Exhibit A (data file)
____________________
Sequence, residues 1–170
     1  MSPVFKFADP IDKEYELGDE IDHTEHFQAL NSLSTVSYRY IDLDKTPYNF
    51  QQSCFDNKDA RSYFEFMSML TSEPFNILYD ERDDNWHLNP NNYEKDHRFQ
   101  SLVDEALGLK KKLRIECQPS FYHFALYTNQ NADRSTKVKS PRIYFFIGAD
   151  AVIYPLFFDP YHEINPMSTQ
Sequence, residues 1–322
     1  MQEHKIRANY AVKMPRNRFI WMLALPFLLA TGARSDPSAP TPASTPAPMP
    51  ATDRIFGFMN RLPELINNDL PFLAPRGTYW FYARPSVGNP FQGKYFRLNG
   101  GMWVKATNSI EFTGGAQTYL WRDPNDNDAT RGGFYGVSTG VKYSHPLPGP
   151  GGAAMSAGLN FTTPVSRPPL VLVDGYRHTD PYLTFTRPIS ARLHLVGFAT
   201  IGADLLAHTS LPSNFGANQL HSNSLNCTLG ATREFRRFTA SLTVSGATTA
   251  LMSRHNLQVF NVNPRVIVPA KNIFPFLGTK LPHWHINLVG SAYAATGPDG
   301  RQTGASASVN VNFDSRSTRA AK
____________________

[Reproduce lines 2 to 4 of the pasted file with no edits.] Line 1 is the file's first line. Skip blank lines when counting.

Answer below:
     1  MSPVFKFADP IDKEYELGDE IDHTEHFQAL NSLSTVSYRY IDLDKTPYNF
    51  QQSCFDNKDA RSYFEFMSML TSEPFNILYD ERDDNWHLNP NNYEKDHRFQ
   101  SLVDEALGLK KKLRIECQPS FYHFALYTNQ NADRSTKVKS PRIYFFIGAD